Climate change poses a direct threat to game hunting in America. For many in rural America, hunting is a way to bond with family and often a historic tradition. It’s also a practical way to control the overpopulation of white-tailed deer–U.S. population is at an estimated 30-35 million. The decline of game animals would also result in the loss of billions of dollars and jobs related to hunting. Nationally, Americans spend upwards of 23 billion dollars on hunting-related purchases and provide the country with 3.5 billion dollars in state, local and federal tax. Game hunting helps fund conservation efforts by allowing government agencies to buy up land and maintain it for future hunters. It also provides research on wildlife and wildlife management programs. As more deer are migrating up north due to climate change, other popular game species like brook trout, moose, sage grouse, pintail and many more are at risk due to extreme weather and ecosystem changes. Droughts, floods, fires and warming winters all affect these animals, exacerbate population decline and contribute to the loss of habitat. The mule deer, for example, has experienced population decline and habitat loss due to droughts and oil and gas developments. The snowshoe hare has been unable to effectively molt with earlier winters, making it an easy target for predators. As a response, the Pennsylvania game commission reduced hare hunting to less than a week in some areas. Moose populations have also been on the decline because warming weather makes them more susceptible to diseases and parasites. If you're an avid hunter or angler and care about conserving our wildlife check out the link in our bio and click “What We’re Reading” to see how you can make a difference. How do you feel about climate change’s impact on this American tradition? ▪︎ ▪︎ ▪︎ ▪︎ ▪︎ #YEARSproject #deer #trout #jobs #muledeer #climatechange #wildlife #hunting #tradition - The Years Project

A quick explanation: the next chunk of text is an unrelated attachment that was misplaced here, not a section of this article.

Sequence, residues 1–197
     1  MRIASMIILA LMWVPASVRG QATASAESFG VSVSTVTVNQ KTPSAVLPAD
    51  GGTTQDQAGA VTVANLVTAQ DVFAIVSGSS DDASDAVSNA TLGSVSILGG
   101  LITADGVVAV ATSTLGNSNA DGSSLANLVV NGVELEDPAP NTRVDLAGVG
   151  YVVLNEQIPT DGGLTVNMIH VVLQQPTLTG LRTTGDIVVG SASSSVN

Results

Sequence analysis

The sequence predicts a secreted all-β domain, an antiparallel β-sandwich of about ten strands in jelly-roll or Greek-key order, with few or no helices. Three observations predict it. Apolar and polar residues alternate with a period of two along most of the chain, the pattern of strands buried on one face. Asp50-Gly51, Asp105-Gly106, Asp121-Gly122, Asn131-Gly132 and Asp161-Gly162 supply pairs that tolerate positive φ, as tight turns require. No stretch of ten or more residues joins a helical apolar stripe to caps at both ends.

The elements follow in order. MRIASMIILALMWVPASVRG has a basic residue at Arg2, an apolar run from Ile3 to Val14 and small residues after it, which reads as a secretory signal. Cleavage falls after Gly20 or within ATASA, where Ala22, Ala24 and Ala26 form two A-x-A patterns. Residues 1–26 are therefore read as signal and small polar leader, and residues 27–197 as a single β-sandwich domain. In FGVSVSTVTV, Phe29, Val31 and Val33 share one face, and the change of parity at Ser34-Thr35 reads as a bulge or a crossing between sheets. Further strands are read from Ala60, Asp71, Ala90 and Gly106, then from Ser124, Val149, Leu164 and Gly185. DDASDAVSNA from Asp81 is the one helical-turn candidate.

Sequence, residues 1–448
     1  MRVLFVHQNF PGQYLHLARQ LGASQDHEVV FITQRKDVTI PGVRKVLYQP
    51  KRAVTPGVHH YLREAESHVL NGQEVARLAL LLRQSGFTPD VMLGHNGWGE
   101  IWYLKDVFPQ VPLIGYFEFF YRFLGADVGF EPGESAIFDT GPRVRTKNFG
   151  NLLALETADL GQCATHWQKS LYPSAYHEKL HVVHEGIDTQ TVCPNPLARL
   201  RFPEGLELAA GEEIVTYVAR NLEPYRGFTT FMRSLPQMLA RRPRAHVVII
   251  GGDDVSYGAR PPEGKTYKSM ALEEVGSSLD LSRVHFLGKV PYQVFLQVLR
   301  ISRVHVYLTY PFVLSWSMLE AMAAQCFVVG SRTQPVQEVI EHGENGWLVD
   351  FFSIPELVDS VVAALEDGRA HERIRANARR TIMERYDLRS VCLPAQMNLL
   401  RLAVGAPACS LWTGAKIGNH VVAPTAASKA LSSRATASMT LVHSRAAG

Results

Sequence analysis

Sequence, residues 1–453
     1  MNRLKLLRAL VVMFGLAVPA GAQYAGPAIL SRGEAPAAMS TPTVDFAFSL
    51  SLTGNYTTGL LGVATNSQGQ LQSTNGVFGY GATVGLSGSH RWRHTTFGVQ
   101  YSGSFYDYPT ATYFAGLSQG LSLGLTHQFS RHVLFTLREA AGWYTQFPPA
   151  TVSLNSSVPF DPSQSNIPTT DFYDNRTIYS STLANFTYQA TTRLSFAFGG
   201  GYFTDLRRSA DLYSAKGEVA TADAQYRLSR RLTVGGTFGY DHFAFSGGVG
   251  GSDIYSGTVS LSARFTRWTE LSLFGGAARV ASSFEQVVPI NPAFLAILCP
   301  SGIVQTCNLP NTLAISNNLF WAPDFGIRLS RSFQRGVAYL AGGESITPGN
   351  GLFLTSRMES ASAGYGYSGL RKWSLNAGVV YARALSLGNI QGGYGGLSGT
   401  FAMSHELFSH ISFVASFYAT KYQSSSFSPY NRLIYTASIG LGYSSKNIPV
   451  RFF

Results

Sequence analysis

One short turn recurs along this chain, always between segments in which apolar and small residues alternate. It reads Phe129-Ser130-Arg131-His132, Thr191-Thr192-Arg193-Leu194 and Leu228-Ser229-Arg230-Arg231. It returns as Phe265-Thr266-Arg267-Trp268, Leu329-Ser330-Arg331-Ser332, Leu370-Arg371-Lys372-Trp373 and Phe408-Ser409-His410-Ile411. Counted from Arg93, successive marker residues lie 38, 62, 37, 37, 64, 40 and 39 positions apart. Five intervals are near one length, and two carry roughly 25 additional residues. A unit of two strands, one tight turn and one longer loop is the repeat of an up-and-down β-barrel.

Climate change poses a direct threat to game hunting in America. For many in rural America, hunting is a way to bond with family and often a historic tradition. It’s also a practical way to control the overpopulation of white-tailed deer–U.S. population is at an estimated 30-35 million. The decline of game animals would also result in the loss of billions of dollars and jobs related to hunting. Nationally, Americans spend upwards of 23 billion dollars on hunting-related purchases and provide the country with 3.5 billion dollars in state, local and federal tax. Game hunting helps fund conservation efforts by allowing government agencies to buy up land and maintain it for future hunters. It also provides research on wildlife and wildlife management programs. As more deer are migrating up north due to climate change, other popular game species like brook trout, moose, sage grouse, pintail and many more are at risk due to extreme weather and ecosystem changes. Droughts, floods, fires and warming winters all affect these animals, exacerbate population decline and contribute to the loss of habitat. The mule deer, for example, has experienced population decline and habitat loss due to droughts and oil and gas developments. The snowshoe hare has been unable to effectively molt with earlier winters, making it an easy target for predators. As a response, the Pennsylvania game commission reduced hare hunting to less than a week in some areas. Moose populations have also been on the decline because warming weather makes them more susceptible to diseases and parasites. If you’re an avid hunter or angler and care about conserving our wildlife check out the link in our bio and click “What We’re Reading” to see how you can make a difference. How do you feel about climate change’s impact on this American tradition? ▪︎ ▪︎ ▪︎ ▪︎ ▪︎ #YEARSproject #deer #trout #jobs #muledeer #climatechange #wildlife #hunting #tradition